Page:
Tuesday, May 5

Top 20 Indie Beat-Em-Up Games on Nintendo Switch


[Last Updated: 11/9/20] The classic arcade beat-em-up is a staple for many older gamers, though through the years the genre hasn't tended to be as well represented as it used to be. Buoyed by the rise of indie developers looking to tap into the passion of genre fans it has really come back into its own on the Switch though.

Streets of Rage 4 - Right out of the gate I had an admission to make, when it comes to the beat-em-up genre I’m firmly a Final Fight guy, always have been. With that out of the way I’ll quickly make a bold (but having played the game quite a bit, very simple) declaration… even with no allegiance to the Streets of Rage franchise this is hands down the best overall beat-em-up I’ve ever had the pleasure to play. It looks amazing, each of the characters have similar but distinctive moves you’ll need to really dial into to be effective, it supports both local and online multiplayer, it’s tough but not often cheap, and it has a truckload of content to explore and unlock. Not only does it manage this laundry list all in the same package, in pretty well every area I’d say it outclasses the competition (sometimes handily) across the board as well. For fans of the genre this is your Holy Grail, and for anyone who has ever wondered why people enjoy beat-em-ups this is the best example of what it has to offer, though it may spoil you if you decide you like what you see since it stands a fair distance above its competition. If ever there was a brawler that could justify a perfect score it’s this one.


Hades - OK, so I’ll admit the folks at Supergiant Games (behind the favorites Bastion and Transistor in particular) had me with the fact that they decided to make a roguelike to begin with. But, pedigree doesn’t always mean a home run (sadly, looking at you Exit the Gungeon) so I’ll admit that despite how great this game looked I was nervous as it loaded up. Given that the bar for roguelike excellence is Dead Cells, with all of its amazing action and variety, making a big splash in this territory takes some real skill. Damn, as if their past titles weren’t clear enough, Hades locks Supergiant Games in as a real force to be reckoned with, and that’s all the way up to the AAA developers. Hades is smart and stylish, fast and fluid, tough and tense… and in general among roguelikes the surprise is that I’d also consider it very approachable, even from the get-go, for anyone with some familiarity with action titles. Where it really takes things to the next level is that it starts with the rock-solid core of several well-designed weapons, each with their own base style, but then through divine enhancements and other means of modification you unlock as you go each run can feel radically different. You can enhance each skill a little or go deep in one discipline, both approaches are valid and can give you a lot of power if you can keep moving and alive. What I love is that while the range of ways you can play is reminiscent of the likes of Dead Cells the systems in this game still feel very fresh and unique. Throw in stellar voice work, more mythological figures than you can shake a stick at, and a truckload of inherent replayability that comes with any good roguelike and this is one of the top games on the system.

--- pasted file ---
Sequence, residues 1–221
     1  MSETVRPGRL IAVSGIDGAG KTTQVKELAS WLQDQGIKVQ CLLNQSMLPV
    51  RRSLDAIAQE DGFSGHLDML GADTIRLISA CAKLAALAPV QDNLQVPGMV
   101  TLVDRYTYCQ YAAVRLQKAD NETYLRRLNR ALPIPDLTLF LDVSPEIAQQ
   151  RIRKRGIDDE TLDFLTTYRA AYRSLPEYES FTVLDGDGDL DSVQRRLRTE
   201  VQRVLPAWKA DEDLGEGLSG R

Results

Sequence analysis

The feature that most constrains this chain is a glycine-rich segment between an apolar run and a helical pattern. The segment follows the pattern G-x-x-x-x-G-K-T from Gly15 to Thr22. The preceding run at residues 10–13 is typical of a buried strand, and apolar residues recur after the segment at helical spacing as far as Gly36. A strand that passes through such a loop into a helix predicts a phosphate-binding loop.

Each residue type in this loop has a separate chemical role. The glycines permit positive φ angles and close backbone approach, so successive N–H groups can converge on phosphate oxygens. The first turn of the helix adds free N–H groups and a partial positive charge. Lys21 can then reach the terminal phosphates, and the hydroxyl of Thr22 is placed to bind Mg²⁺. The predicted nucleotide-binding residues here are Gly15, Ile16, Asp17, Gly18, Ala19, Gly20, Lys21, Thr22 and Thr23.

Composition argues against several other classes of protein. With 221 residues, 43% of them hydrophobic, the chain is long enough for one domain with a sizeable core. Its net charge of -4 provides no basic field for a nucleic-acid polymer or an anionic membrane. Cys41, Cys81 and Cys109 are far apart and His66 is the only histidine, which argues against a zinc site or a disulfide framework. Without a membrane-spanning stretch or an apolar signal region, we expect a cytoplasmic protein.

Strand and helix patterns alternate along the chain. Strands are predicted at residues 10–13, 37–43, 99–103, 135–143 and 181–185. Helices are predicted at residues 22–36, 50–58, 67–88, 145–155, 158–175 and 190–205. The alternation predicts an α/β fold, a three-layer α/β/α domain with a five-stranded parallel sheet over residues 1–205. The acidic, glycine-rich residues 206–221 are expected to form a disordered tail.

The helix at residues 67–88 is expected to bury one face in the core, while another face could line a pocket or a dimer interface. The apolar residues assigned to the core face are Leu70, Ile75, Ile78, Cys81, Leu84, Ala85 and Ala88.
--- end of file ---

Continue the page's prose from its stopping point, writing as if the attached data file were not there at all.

Wulverblade - Full of technique, nuance, and some very challenging boss fights Wulverblade has established a new gold standard in what beat-em-ups should aspire to both in terms of story and general gameplay. A patch to pull back the challenge and make it more accessible to less skilled players was welcome and there's one particular surprise as you near the game's conclusion that you absolutely won't want to miss! The end is only the beginning!